Accidentally Plastic-eating Enzyme engineered, holds potential to fight Pollution

Accidentally Plastic-eating Enzyme engineered, holds potential to fight Pollution

We may have a new weapon in our fight against the rising tide of plastic pollution - and it was discovered by accident.

The discovery by researchers in the United Kingdom and U.S. could result in a recycling solution for millions of tonnes of plastic bottles and food containers made of polyethylene terephthalate, known as PET.

These mutant enzymes with a taste for waste could lead to the full recycling of single-use bottles.

As the researchers were using the 3D information of this stucture to understand how it works, they inadvertently engineered an enzyme that is better still at degrading the plastic than the one that evolved in nature.

The worldwide team, led by Professor John McGeehan of the University of Portsmouth, UK, tested the evolutionary process of the enzyme, inadvertently discovering that they had improved the capabilities of the enzyme in breaking down PET bottles.

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While the mutant PETase is so far only about 20 percent more efficient at breaking down plastic than the naturally occurring enzyme, the team says the important thing is we now know these enzymes can be optimised and augmented.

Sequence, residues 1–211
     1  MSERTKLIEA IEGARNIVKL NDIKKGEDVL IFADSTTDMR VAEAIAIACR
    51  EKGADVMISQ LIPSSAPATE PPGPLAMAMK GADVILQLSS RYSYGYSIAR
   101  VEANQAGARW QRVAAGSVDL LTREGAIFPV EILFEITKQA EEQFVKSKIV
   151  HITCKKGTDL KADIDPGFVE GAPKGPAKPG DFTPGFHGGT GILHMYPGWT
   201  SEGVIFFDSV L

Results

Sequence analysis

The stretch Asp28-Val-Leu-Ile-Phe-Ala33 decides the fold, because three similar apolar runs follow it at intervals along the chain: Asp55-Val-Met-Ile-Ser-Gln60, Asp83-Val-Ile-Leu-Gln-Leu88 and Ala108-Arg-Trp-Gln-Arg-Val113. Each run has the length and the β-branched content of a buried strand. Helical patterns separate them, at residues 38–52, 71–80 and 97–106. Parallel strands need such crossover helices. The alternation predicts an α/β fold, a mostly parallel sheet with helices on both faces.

Despite recycling efforts, most plastic can persist for hundreds of years in the environment, so researchers are searching for better ways to eliminate it.

The paper, "Characterization and engineering of a plastic-degrading aromatic polyesterase", will be published this week in the Proceedings of the National Academy of Sciences (PNAS).

A high definition 3D model of the enzyme was created, using the powerful x-ray beamline at Diamond Light Source in Oxfordshire.

National Geographic will commit $10 million (£7m) and bring its scientific expertise, grants and media to support the activities of Sky Ocean Ventures, which seeks out investment opportunities in businesses that can help solve the ocean plastic crisis.

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Scientists have created a mutant enzyme that breaks down plastic drinks bottles made from polyethylene terephthalate (PET), and they did it completely by accident.

With the new enzyme, however, the idea is it that it can be put to use to turn old plastic into new plastic.

Scientists at the University of Portsmouth and the US Energy Department´s National Renewable Energy Laboratory chose to focus on a naturally occurring bacterium discovered in Japan a few years ago.

Oliver Jones, a chemist from RMIT University in Melbourne, Australia, tells The Guardian, "Enzymes are non-toxic, biodegradable and can be produced in large amounts by microorganisms".

"What actually happened was that we improved the enzyme, which was a bit of a shock", said John McGeehan. "There is strong potential to use enzyme technology to help with society's growing waste problem by breaking down some of the most commonly used plastics".

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According to Innova Market Insights data, 58 percent of globally launched food and beverage products are packaged in plastic, a 5 percent increase from 2013, while 96 percent of all newly launched water products in 2017 are packaged in PET bottles.

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